But we are calculating various options. Probably, if we have to find compromises, then we will switch to a slightly lower quality paper, it will be a regular magazine paper, not the glossy paper. But it still has to be high-quality paper, because all the illustrations we have are exclusive. They must remain of good quality, – says Vitaliy.
However, if the quality of the paper is lower, the editors will consider the possibility of increasing the number of pages in the issue. They also want to publish a magazine in English soon, because interest in Ukrainian history has grown significantly since the beginning of the war.
The Armenian daily newspaper "Aravot" was founded in 1994 and launched in 1995. In Armenia, newspapers are usually published daily except for on Sundays and Mondays. "Our print media never stopped its publication:" says Aram Abrahamyan, editor of the "Aravot" newspaper. According to Abrahamyan, previously "Aravot" print media's page numbers were 16, however now it's been reduced to 8 pages. "Print media brings in some money which not only covers the printing costs but also contributes to the company's business. So, it's not beneficial to stop the print media publications also from socio-economical point of view." states the editor.
- Did the number of readers decrease because of Covid or 2020 War?
- The audience has decreased and there is no more space for decreasing anymore. It didn't decrease because of the mentioned latest situations, however during both the pandemic and the Nagorno-Karabakh war, social networks have affected our print circulation. "Development of social networks such as Tik Tok and Instagram affects the circulation of our print media:" states Abrahamyan. According to the editor, nowadays, people often prefer shorter articles to longer ones when it comes to news.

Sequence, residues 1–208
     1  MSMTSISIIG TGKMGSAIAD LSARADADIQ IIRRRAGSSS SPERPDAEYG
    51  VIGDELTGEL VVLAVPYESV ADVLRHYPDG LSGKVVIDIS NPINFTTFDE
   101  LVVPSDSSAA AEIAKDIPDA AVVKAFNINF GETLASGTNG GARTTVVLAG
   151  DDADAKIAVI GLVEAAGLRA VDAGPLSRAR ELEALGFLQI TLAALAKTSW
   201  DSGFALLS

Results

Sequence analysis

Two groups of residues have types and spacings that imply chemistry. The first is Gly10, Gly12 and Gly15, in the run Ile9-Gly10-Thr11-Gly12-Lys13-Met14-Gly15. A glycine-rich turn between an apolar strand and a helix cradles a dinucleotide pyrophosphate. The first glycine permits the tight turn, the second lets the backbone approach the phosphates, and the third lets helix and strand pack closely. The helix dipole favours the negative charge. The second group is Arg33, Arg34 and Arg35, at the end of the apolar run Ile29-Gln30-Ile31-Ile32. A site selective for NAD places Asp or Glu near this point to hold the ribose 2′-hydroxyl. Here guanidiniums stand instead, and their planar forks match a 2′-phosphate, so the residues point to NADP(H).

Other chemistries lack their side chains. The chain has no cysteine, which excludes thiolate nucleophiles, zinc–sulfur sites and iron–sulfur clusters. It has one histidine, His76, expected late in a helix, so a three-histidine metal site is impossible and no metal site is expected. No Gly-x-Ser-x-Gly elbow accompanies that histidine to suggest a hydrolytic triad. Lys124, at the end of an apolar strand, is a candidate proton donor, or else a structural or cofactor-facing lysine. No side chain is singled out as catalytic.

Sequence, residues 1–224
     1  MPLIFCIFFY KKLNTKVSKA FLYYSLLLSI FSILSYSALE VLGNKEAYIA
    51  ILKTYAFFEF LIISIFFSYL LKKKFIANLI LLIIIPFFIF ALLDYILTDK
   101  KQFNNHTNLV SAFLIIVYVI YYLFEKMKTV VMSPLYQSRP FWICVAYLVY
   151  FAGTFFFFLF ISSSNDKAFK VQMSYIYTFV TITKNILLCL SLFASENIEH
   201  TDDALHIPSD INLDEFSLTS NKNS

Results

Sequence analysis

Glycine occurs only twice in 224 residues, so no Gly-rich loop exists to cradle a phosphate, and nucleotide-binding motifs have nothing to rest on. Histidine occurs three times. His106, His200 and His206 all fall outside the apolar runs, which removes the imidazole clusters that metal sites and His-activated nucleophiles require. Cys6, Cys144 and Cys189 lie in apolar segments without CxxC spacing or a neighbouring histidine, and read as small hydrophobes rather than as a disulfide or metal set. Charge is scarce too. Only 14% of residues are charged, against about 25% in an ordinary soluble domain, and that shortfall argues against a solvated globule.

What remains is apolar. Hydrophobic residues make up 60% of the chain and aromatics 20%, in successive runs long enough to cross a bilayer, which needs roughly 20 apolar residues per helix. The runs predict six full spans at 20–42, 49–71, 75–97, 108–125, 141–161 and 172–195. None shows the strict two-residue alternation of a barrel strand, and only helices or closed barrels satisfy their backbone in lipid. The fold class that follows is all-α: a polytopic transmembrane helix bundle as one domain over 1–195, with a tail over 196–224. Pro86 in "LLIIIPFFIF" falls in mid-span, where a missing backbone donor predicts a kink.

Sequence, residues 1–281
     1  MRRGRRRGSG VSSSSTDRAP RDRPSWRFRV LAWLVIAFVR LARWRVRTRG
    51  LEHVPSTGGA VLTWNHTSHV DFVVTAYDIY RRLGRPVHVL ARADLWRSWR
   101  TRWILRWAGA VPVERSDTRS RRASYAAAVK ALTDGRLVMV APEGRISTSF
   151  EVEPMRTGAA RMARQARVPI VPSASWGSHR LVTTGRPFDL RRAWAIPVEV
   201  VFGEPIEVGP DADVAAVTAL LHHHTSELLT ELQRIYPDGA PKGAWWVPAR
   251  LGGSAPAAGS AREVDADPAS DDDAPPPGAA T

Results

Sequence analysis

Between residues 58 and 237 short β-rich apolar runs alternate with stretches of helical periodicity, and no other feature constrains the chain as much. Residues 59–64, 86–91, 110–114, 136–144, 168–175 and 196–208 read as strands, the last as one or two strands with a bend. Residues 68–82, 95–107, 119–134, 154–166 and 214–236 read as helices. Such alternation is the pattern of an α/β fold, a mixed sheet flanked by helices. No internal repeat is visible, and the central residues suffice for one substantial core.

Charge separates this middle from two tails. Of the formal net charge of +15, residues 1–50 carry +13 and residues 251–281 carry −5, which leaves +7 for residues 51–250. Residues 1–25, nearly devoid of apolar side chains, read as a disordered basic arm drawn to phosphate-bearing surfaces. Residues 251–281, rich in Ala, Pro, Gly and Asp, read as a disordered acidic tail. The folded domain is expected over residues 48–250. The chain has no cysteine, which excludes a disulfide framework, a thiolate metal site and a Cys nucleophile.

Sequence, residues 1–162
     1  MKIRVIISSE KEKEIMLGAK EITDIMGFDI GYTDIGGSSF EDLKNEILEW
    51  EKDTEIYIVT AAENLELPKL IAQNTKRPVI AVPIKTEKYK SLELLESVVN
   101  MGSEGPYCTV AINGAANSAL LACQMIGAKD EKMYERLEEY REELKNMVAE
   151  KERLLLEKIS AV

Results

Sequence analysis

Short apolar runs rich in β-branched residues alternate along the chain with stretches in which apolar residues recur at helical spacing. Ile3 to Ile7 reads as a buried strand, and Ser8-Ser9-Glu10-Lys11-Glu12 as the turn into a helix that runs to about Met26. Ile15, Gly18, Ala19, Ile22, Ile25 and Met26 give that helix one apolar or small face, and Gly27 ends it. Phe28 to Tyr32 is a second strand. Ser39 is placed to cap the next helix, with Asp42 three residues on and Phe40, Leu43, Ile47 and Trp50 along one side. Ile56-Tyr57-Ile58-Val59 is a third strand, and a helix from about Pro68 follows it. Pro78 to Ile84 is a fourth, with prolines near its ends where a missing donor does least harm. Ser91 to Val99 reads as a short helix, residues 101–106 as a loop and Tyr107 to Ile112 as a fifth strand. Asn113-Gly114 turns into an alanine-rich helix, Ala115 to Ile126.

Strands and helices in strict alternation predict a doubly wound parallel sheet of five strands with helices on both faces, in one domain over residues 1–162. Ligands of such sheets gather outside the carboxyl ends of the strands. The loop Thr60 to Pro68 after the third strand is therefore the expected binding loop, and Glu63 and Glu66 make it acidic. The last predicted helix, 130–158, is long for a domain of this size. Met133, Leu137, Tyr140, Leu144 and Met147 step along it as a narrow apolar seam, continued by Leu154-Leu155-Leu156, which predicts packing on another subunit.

- What about the future of the newspaper? Will the print "Aravot" newspaper exist in the future?
- I think "Aravot" print newspaper won't be closed as it is also regarded as a business.
- What content should print media include so that young audience will also be interested in reading magazine?
- We can't force youngsters to read books or magazines, instead, we ought to be more innovative in simplifying the information using both video and audio to tell the story.
Aram Abrahamyan made it a point to state that though readers who prefer to read the paper are rarer these days, they are indespensable to the company's business model.
President of the Ukrainian Media Business Association Oleksii Pogorelov says that war killed all media revenue. They cut every expense they can cut. He is convinced that for local media will be the easiest to cope with the crisis.
Today, the key issue for the media is survival. It is necessary to survive literally and figuratively. Many editors are forced migrants. Just one example, the Popasnian Herald - which is both a printed newspaper and an online publication, with groups in social networks - has recently been relocated to Sumy. Accordingly, this is a completely new edition. The same media that are in the rear territories, all efforts today are directed towards being useful to their communities. This is the most effective way of social transformation in the present time.